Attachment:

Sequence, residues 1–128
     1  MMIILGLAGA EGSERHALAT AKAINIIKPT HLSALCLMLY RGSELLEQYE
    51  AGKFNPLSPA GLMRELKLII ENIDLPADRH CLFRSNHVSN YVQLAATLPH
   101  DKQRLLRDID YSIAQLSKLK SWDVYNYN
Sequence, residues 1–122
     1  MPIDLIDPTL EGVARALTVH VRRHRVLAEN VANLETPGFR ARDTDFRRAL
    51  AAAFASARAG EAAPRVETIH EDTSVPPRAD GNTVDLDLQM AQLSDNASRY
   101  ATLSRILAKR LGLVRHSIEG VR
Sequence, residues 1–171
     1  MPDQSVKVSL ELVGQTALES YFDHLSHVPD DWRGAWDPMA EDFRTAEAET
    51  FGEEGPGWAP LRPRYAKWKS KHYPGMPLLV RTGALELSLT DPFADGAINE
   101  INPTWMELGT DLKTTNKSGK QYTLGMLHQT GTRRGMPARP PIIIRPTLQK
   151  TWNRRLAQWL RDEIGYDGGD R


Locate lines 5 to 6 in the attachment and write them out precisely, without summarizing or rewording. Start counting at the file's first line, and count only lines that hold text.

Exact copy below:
Sequence, residues 1–122
     1  MPIDLIDPTL EGVARALTVH VRRHRVLAEN VANLETPGFR ARDTDFRRAL